With more and more people working for international corporations or global international supply chains, the study of international human resources and industrial relations is becoming ever more important.
Gain understanding of the differences between the employment practices and industrial relations systems of varying countries and multinationals
Learn how variations in practice and systems are influenced by social and economic factors
Study the influence of economic integration on changing systems of employment and industrial relations.
CIPD Course recognition
The course is accredited by the Chartered Institute of Personnel Development (CIPD), offering the ability to fast track your career through professional membership. You can enhance your studies by taking additional CIPD components that prepare you for CIPD membership.
To qualify for membership you need to attend a series of skills workshops, with presentations by guest speakers, and complete a range of activities enabling you to develop practical HR skills.
You join CIPD as a student member and when you have passed all course units (including the dissertation) and the CIPD components, your CIPD membership will be automatically updated to Associate Member. Once you have applied your knowledge in the workplace, you can apply for Chartered membership.
Further information about CIPD qualifications
Course units details
During the course you will be taking 180 credits in all. The eight taught modules during semester one and two total 120 credits and consists of both compulsory and optional taught units which can be viewed in the list below. Please note that certain modules have to be taken to achieve CIPD recognition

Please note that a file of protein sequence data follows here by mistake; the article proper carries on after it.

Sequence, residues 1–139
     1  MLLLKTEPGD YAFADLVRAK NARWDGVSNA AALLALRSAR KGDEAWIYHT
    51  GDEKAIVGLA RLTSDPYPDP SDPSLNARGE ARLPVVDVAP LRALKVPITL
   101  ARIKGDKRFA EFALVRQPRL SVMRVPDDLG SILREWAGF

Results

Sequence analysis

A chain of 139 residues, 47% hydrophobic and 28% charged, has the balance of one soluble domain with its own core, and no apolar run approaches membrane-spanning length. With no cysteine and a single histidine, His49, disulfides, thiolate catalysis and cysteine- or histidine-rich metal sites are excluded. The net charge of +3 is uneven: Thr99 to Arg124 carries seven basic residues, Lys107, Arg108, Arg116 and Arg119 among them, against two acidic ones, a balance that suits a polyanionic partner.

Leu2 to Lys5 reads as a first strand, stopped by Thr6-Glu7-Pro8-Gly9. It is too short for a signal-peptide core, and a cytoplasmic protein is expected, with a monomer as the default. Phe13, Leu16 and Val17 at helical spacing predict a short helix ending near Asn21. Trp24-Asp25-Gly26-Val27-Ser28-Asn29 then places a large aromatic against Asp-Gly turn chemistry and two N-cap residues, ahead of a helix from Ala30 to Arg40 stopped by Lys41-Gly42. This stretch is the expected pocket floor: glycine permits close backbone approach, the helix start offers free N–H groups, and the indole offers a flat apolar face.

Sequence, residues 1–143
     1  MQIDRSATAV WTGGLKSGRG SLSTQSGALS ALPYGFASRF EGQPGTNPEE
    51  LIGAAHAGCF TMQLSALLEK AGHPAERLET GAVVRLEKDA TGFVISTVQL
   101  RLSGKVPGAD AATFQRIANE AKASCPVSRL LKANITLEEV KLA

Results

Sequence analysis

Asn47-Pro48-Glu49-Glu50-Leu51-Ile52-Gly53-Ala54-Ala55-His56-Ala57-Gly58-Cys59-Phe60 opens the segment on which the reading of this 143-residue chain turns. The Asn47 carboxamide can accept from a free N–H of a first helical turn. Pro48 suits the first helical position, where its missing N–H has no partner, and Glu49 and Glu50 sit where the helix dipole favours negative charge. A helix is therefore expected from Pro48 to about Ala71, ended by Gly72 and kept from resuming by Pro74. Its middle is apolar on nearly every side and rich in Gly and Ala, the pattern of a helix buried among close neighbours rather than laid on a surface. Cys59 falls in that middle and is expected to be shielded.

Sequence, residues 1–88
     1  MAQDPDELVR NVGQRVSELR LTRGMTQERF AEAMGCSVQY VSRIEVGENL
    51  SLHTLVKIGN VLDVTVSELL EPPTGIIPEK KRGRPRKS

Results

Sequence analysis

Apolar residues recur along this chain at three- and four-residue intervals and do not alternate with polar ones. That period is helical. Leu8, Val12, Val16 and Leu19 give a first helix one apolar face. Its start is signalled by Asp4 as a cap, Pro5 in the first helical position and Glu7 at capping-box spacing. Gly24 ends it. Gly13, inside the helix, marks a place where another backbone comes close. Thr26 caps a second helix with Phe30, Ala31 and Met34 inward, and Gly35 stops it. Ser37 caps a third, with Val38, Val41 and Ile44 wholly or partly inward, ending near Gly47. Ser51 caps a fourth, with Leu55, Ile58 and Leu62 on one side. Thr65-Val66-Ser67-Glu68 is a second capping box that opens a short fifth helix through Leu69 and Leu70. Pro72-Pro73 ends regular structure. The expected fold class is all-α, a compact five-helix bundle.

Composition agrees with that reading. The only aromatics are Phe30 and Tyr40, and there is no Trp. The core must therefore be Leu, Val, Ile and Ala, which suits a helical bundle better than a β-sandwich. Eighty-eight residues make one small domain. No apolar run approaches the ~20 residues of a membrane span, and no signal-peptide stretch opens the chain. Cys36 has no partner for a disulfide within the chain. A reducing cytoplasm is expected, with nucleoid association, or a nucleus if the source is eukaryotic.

Over the summer period, you will carry out your Research Dissertation, worth 60 credits. Examples of recent dissertation project topics include:
Work-life balance: perspectives of female teachers from the UK and India
Demographic change in Germany and Japan and the implications for the labour market
A comparative study of gender discrimination at work in the UK and China
The impact of support practices on expatriate adjustment in a Russian multinational corporation
Coping mechanisms of Nigerian women balancing motherhood and managerial roles
We normally look for a UK bachelor degree with first or upper second class honours, or the overseas equivalent, in any discipline.
When assessing your academic record, we take into account your grade average, position in class, references and the standing of the institution where you studied your qualification.